Following up on the food discussion, she said that the food trucks that had been lined up for the grounds didn’t operate as the association thought they would, with some not being able to attend all weekend, so they will look at possibly changing that next year.
“There was a big learning curve there,” she said.
While the number of campers was down, organizer Herman Mooy said the event was still a tremendous success.
“We got a lot of positive comments,” he said. “Some people said they had never been to a fair that was so well organized.”
TRACTORS AND ENGINES
As with every year the reunion has been held, there were a number of equipment owners recognized for the efforts put into keeping the antique machinery running. With 175 tractors, 12 plows and seven steam engines on site, the judges had a difficult job.
Awards were as follows:
• The Billy Joe Hallahan Memorial Award (Best Restored Tractor 1951 and up): Wayne Eggleston of Goderich for his 1951 Cockshutt.
• The Jack Arthur Trophy (Best Restored Tractor 1910-1930): Charly Roadhouse of St. Marys for a 1912 Rumley.
• The Best Restored Feature Tractor (John Deere): William Pentland for his 1934 John Deere GP.
• The John Ellacott Trophy (Best Restored Tractor 1931-1950) Doug Ross of Wingham for his 1943 Farmall M.
• Steam Engine: Mary and Kevin Forstner with their 1914 17 horsepower George White Steam Engine.
Gladys Van Egmond, who is responsible for the entertainment at the grounds, said that music performances and activities across the grounds saw varying degrees of success thanks to the emcees who volunteered their time and knowledge. From the jam sessions early in the week, run by Albert Walter and Annie Pritchard, to the fiddle workshop run by Bruce Woods, there were plenty of opportunities for people to hone their skills and enjoy some music.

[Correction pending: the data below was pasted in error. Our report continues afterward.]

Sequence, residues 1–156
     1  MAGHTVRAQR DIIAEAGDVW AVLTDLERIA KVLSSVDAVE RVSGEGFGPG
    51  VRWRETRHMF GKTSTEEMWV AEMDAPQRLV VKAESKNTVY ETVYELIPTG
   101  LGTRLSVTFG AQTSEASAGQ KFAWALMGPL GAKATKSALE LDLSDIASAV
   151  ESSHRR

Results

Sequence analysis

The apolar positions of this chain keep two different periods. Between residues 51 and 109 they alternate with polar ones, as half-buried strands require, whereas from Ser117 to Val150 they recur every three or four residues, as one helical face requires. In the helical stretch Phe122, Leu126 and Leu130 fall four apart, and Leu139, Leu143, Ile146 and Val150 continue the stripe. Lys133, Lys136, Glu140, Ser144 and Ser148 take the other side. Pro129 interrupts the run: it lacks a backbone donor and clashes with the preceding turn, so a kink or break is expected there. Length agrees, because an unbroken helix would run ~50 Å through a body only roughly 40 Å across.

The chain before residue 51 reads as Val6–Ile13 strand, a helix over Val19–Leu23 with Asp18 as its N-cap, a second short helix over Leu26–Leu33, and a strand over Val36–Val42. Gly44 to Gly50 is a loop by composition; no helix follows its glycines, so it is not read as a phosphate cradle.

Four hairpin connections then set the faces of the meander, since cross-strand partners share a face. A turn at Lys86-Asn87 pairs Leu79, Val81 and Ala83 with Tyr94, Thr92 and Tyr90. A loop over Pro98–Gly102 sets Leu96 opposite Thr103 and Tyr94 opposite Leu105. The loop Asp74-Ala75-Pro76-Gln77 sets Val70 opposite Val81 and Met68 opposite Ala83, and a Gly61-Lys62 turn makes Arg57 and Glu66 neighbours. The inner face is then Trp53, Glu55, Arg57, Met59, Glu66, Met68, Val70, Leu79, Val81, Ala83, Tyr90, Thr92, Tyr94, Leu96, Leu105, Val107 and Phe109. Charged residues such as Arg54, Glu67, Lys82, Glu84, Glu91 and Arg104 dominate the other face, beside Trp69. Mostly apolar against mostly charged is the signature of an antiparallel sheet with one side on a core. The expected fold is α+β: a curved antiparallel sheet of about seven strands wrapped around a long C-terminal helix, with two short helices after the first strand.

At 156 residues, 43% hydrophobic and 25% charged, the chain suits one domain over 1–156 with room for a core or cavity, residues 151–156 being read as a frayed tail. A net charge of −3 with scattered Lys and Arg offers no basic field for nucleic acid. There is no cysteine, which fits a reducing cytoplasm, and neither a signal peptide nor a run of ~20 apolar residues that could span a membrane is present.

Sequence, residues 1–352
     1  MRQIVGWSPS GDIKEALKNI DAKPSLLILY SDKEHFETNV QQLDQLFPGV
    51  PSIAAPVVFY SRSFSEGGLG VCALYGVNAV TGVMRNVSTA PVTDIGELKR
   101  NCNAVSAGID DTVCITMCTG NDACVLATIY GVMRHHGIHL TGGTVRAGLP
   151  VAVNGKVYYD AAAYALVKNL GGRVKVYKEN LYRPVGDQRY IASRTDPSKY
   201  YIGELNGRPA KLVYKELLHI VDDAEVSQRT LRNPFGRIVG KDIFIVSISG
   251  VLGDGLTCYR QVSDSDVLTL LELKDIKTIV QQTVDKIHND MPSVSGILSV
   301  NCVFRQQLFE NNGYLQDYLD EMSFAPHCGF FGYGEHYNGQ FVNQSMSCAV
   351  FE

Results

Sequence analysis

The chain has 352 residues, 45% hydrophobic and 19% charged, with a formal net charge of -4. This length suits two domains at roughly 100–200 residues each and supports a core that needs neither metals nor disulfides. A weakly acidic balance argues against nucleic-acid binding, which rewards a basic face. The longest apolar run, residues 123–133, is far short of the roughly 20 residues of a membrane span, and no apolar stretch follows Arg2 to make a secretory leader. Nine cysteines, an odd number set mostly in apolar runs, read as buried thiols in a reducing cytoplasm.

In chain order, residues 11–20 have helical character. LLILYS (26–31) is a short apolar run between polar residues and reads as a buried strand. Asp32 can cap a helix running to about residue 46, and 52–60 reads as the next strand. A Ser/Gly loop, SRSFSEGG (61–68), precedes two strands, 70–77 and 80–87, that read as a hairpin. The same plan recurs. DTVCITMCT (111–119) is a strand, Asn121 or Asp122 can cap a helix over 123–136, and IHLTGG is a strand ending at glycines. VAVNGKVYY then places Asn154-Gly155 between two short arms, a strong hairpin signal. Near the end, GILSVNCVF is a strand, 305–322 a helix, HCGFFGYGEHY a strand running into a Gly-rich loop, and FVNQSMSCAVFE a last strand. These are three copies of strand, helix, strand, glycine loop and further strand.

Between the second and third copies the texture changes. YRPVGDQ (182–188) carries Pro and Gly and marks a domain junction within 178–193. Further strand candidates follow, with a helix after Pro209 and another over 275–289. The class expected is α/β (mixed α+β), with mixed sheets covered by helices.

The fiddle competition on Saturday afternoon brought out 15 competitors. Winners from the event included, in order of finishing:
• 70 years old and over: Richard Sequim of Alban, Ken Huckins of Teeswater and Jim Dolmage of Lion’s Head.
• 50 and over: Janice McGinn from Brantford, Jane McVeigh from Waterloo and Carol Wheeler from Markham.
• 12 and under: Tiffany Clerand of Listowel.
• 18 and under: Brady Medvie from Welland.
• Open: Al Widmeyer of Goderich
• The youngest performer was Clerand of Listowel, while the oldest was Alec Aldcorn of Badjeros.
The step dance competition brought out a number of individual and team performers. Winners were as follows, in order of finishing:
• Nine years old and under: Sibheam Faria from Brantford, Eden Goodwin of Stratford and Lucy Abeid of London.
• 12 and under: Claire Jardine from London, Natalie Dutekow from London and Michael Jardine from London.
• 18 and under: Kensington Ischew from Stratford, Ellie Shantz from Stratford and Julie McEvoy from Stratford.
• 19 and over: Rita Hickey of Brampton and Janette Dutekow of London.
• Open: Kerry Fitzgerald of Peterborough and Charlotte Clare of Guelph.
• Junior Group: Reel Thunder of Teeswater, Four on the Floor of Stratford and Can’t Stop the Feet from London.
• Open Group: In Step from Stratford and Reel Rhythm of Teeswater.